Microsoft Corp., the world’s biggest software maker, raised its quarterly dividend 25 percent to 20 cents, providing investors with a payout at the upper end of forecasts.
The new dividend is a penny more the 19 cents a share projected by Bloomberg data and compares with the 18 cents to 20 cents estimated by Heather Bellini, an analyst at Goldman Sachs Group Inc. in New York. The change, announced in a statement today, boosts the yield to 2.97 percent from 2.37 percent.
Microsoft generally has a policy of boosting the dividend in line with operating income. While the increase exceeded the 13 percent growth in operating income in the past fiscal year, investors were seeking more, Bellini said. The company’s cash and short-term investments surged 43 percent last year, and shareholders wanted a bigger piece of that hoard.
Microsoft’s ability to return cash to shareholders is hampered by the fact that much of that money is held internationally and would require the company to pay taxes to bring it back into the country for the purpose of paying a larger dividend.
About $45 billion, or 85 percent of the company’s cash and short-term investments, is held outside the U.S., the company said in a July 28 regulatory filing. Around half of annual cash flow from operations is generated abroad, Bellini estimated, which gives the company about $15 billion to $17 billion to spend on dividends and share repurchases this year.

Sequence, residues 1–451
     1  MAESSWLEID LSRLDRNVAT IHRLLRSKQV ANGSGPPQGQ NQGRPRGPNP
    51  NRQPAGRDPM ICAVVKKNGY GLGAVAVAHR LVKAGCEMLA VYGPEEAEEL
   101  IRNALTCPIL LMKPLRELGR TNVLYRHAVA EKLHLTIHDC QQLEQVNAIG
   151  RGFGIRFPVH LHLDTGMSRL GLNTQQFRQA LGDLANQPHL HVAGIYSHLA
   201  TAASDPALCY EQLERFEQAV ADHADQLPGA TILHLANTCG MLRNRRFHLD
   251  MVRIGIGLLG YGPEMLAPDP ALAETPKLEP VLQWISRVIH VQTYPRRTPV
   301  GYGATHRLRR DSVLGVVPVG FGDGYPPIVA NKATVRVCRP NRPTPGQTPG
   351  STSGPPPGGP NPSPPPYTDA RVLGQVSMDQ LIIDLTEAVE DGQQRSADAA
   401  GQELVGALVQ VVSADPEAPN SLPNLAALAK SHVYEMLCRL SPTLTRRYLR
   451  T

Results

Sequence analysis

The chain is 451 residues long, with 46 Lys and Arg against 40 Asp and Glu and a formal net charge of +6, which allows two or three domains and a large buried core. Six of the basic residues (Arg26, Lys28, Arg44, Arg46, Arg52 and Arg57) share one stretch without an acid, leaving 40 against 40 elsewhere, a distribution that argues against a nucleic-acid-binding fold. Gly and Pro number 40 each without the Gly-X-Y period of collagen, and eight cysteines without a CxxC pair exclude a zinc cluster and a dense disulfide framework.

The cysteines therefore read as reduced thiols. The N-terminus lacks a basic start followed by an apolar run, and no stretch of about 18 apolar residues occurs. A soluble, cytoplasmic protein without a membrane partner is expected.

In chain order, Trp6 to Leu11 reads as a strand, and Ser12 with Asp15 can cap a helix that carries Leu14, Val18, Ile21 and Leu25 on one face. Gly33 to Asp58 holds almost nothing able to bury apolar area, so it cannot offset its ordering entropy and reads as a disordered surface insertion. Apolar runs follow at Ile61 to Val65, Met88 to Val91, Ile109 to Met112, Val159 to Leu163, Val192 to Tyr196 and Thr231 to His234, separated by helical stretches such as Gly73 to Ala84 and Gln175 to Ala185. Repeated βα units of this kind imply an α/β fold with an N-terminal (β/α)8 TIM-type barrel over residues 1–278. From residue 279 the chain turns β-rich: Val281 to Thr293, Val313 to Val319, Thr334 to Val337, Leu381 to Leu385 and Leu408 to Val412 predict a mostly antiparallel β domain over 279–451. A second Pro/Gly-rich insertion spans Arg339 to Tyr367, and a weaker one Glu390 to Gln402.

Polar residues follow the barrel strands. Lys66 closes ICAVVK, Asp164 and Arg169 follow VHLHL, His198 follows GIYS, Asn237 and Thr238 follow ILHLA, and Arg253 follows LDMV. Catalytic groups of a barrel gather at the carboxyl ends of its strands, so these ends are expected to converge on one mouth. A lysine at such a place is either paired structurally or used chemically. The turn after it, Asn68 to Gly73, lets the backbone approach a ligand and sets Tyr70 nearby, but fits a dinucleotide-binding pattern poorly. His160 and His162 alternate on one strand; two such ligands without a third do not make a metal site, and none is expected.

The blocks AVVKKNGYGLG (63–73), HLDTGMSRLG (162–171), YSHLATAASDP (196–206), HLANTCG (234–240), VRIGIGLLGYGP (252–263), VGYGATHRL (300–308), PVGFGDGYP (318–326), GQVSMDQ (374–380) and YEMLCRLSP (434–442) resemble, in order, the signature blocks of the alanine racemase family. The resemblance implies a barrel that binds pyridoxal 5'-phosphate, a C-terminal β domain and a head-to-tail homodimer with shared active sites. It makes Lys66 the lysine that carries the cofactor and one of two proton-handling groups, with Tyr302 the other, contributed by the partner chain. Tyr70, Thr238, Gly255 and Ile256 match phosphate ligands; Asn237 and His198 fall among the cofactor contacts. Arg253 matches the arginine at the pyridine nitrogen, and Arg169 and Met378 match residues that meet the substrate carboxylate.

Even so, Neil Herman, an analyst at Ticonderoga Securities LLC, suggested in an August report that the company should double its dividend in order to boost its share price. The shares, which have declined 3.3 percent this year, might surge past $35 with an increase of that magnitude, he wrote.
Shares of Microsoft, based in Redmond, Washington, fell 23 cents to $26.98 today on the Nasdaq Stock Market. They rose to $27.10 in late trading after the increase was announced.
Before today, Microsoft has paid out about 25 percent of earnings as dividends since starting the payments in 2003, according to Bloomberg data. Dividend-paying companies with similar market valuations to Microsoft are paying closer to 40 percent to 50 percent, the data show.
The company also said today it will continue its $40 billion stock buyback plan begun in 2008. The program, which expires in 2013, had about $12.2 billion remaining as of June 30, Microsoft said.